Thursday, August 02, 2012

For the Love of Freedom

“Remember, revolutions need fire, like what happened in Tunisia. That fruit vendor set himself on fire, and then everything exploded.” for the love of freedom

And behind the Iron Curtain, in 1979, a son of Poland, Pope John Paul the Second, spoke words that would bring down an empire and bring freedom to millions who lived in bondage. ‘Be not afraid’—those words changed the world...My dad heard those words first hand in the good royal town of Krakow. Like my cousin Andrej Imrich, Vaclav Havel preached and practised these onstructions of being brave ... For forty years you have heard my predecessors tell you in various versions the same thing: that our country is flourishing and that the most wonderful opportunities are opening before us. I assume that you have not chosen me for this office in order for me to lie to you. Our country is not flourishing.

After the communist coup of 1948, the Jan and Jiri Fencl brothers, Praguers aged 19 and 18, pondered on how to secretly cross the Iron Curtain and flee the communist regime, the paper writes. The idea of escaping in a submarine occurred to Jan, who presented it to his brother. In his memoirs he writes he proposed that they go down the Labe river to the British zone in Germany. Yellow Submarine on the bank of Lidka's Labe River

First my auntie Zofka disappeared during WWII and my other auntie Teta Ota escaped communist Czechoslovakia through Sumava

The music from the West was only available on the black market and at horrendously expensive prices. But that only added to its popularity among young people. 'Beat music' had been officially rubber stamped as subversive and the GDR government was afraid that modern rock and pop would stir the already simmering discontent of young people. Rolling Stones did have an impact. Many teenagers behind the Iron Curtain, like the Media Dragon, were fascinated by Jagger, Richards and the rest of the band. They had provided a sense of upbeat get-up-and-go which was unparalleled in post-war Eastern Europe...For many GDR and Czech citizens, it was the desire to listen to music from the West, which added to their wish to live in a free society. "The people got mesmerized by what the Stones did. They read the lyrics and discovered the literary concepts and found philosophical ideals beyond Marx and Engels," Schneidewind says. Did the Stones and other bands from the West contribute to the fall of the Berlin Wall? Schneidewind is sure that they did. "Many claim that art does not lead to changes in society. But I believe it can."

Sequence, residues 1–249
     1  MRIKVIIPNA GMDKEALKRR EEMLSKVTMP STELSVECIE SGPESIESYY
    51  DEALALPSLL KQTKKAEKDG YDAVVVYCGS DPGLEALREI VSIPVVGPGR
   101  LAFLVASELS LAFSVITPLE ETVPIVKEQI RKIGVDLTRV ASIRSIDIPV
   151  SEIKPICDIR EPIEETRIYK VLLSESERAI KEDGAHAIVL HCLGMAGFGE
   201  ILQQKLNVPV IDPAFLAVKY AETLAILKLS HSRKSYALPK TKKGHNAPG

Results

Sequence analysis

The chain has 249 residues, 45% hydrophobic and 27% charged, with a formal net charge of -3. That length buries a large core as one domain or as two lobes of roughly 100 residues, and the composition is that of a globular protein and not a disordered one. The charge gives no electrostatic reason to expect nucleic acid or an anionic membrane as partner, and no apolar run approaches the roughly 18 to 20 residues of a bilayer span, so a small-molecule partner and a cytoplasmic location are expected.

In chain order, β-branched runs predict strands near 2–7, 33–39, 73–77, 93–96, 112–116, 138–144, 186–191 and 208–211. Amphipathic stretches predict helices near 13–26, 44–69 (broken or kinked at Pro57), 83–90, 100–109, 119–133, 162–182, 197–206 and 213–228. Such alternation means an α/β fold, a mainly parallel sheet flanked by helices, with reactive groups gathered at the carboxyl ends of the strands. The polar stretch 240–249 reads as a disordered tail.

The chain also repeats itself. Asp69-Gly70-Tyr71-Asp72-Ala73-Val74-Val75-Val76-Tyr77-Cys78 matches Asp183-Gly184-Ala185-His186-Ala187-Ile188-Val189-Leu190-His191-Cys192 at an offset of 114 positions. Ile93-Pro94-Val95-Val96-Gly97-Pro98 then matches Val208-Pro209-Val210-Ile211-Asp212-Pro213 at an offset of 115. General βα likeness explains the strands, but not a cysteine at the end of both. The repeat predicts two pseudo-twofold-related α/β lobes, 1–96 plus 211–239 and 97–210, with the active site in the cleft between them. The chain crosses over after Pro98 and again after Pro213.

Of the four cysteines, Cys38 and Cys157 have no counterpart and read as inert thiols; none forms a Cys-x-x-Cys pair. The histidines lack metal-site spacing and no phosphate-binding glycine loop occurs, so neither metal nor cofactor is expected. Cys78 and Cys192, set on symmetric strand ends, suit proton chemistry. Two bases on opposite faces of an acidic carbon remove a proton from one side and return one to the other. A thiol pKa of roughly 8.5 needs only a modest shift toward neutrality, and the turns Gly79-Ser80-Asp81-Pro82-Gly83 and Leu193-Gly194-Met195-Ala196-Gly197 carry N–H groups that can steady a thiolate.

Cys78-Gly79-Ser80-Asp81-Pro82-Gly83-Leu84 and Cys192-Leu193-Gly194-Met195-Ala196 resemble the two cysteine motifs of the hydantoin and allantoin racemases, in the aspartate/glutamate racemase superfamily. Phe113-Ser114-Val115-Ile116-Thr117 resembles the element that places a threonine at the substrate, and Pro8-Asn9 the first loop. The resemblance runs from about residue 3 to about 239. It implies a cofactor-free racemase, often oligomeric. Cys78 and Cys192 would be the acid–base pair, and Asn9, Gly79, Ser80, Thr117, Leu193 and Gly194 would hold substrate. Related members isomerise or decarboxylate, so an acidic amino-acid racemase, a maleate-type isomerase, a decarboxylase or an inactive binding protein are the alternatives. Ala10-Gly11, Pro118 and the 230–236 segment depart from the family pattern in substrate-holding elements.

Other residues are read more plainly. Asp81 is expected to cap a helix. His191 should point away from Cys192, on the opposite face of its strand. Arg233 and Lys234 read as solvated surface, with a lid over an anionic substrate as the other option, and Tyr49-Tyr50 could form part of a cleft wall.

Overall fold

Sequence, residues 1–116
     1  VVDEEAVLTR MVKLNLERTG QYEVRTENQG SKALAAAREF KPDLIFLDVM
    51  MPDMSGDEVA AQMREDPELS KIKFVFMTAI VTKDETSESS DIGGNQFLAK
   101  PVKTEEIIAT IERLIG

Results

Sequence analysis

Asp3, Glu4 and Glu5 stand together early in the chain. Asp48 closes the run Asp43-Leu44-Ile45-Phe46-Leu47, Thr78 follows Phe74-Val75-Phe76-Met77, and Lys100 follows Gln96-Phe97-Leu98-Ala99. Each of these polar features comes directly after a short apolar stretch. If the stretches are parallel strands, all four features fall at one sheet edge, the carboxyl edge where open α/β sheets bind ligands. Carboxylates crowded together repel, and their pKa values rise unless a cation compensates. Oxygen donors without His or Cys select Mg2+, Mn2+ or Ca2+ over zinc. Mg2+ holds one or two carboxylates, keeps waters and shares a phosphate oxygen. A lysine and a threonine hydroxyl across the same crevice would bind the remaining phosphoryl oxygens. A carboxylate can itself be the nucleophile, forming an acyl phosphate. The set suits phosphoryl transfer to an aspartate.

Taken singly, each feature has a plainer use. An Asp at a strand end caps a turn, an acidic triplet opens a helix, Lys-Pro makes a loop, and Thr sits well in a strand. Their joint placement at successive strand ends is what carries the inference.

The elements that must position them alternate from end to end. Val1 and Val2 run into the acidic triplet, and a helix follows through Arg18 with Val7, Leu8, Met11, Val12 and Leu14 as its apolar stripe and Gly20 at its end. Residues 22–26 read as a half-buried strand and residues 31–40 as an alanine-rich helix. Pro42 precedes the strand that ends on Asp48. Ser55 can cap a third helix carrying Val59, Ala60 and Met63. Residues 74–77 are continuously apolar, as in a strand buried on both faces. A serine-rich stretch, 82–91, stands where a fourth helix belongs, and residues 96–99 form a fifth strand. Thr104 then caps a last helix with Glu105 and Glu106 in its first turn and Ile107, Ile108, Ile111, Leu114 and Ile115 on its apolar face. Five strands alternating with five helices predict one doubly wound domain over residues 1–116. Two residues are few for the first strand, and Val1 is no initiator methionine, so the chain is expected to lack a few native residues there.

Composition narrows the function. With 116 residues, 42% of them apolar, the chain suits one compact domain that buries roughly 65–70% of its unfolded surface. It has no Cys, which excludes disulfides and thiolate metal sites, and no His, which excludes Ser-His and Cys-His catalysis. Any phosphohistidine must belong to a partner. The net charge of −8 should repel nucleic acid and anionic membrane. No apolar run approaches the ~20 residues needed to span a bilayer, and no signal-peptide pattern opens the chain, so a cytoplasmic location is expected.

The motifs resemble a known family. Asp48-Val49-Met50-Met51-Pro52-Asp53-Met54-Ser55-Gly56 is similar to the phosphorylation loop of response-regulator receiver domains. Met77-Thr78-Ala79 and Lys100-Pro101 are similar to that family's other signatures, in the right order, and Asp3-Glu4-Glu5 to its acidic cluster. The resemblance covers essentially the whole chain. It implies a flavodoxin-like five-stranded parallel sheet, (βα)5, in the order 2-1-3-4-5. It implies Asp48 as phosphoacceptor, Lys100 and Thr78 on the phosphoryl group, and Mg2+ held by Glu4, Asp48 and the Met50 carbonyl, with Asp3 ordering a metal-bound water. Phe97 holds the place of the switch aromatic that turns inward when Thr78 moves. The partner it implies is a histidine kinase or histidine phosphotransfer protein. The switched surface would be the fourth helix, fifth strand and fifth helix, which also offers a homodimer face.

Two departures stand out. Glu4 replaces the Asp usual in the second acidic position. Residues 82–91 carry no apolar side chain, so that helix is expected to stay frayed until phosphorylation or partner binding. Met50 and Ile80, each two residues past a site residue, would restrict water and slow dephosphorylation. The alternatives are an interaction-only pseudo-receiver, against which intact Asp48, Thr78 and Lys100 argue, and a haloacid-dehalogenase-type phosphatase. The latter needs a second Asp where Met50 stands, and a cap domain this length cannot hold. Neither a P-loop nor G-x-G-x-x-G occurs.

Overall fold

Wuschel, the character in the Sonnenallee novel, had to wait for another few years until he got his copy of Exile on Main Street. He eventually gets the LP - but when being shot at by a border guard near the wall, it is the vinyl under his jacket that saves his life. The bullet breaks the LP but the Stones fan survives Rolling Stones simply threw over board the things that were being preached in schools and official places

Behind the glossy, airbrushed image of the London Olympics is an exhibition - Tracksuit Traitors - which is a reminder of the broken lives and political and psychological torment that tainted the Games movement in the Cold War. He ate two fried chickens, smothered himself in 30 tubes of Vaseline and swam 25 kilometres across the Baltic Sea to freedom. Axel Mitbauer's escape from East Germany is an illustration of what can happen when Olympic ideals are twisted into dark, damaging political ideology masquerading as sport. Tracksuit Traitors

Navratilova, who defected to the United States as a teenager, said she would "never forgive" the Communists for destroying "so many lives Tennis traitors

Wonder what it was like to queue for hours for toilet paper or butter in communist-era Poland? Now you can experience the 'boredom' thanks to a foreign-language version of a hit Polish history-in-a-box board game. Assembly Lies and Lines ...lines

In August 1989, the West German embassy, in the exquisite Baroque Lobkowicz Palace just below Prague Castle, was forced to close down for its day-to-day business. By then hundreds of East Germans were trying to get in, many climbing over the fence into the manicured embassy gardens. The surrounding streets were soon packed with their abandoned Trabants and Wartburgs. In an interview for Radio Prague, the Czech writer, Jáchym Topol later recalled the scenes.Traitors inside Bohemia